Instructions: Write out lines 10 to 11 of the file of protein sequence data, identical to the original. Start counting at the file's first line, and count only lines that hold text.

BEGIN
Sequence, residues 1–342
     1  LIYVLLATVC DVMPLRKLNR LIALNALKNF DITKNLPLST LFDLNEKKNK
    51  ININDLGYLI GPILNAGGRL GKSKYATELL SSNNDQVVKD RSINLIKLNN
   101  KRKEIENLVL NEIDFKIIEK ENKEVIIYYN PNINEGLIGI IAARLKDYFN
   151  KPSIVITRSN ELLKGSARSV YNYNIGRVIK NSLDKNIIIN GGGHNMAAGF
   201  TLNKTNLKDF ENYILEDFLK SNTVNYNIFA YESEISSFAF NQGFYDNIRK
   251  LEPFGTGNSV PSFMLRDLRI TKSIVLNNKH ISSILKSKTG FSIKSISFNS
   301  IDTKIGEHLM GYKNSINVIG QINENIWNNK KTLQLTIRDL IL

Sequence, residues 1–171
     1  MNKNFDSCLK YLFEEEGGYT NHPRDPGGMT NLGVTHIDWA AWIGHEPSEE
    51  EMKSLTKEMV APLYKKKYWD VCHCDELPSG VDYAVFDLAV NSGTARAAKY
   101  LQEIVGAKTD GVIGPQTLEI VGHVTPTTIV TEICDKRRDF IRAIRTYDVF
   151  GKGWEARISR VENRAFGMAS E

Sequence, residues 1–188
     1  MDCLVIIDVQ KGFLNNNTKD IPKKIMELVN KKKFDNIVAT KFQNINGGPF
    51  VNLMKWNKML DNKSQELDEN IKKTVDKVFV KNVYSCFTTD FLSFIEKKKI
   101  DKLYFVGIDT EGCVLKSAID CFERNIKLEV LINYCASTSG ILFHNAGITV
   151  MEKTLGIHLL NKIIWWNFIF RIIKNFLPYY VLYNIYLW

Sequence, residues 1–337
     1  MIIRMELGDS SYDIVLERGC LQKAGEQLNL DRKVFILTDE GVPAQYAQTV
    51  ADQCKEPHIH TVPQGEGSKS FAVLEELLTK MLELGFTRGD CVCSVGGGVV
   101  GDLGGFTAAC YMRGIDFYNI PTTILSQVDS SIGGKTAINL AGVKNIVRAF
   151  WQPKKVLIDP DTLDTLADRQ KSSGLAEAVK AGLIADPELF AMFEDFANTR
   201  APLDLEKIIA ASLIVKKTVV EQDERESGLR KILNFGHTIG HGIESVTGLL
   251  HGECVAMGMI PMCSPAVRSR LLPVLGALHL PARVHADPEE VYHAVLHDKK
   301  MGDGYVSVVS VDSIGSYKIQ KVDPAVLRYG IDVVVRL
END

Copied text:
     1  MNKNFDSCLK YLFEEEGGYT NHPRDPGGMT NLGVTHIDWA AWIGHEPSEE
    51  EMKSLTKEMV APLYKKKYWD VCHCDELPSG VDYAVFDLAV NSGTARAAKY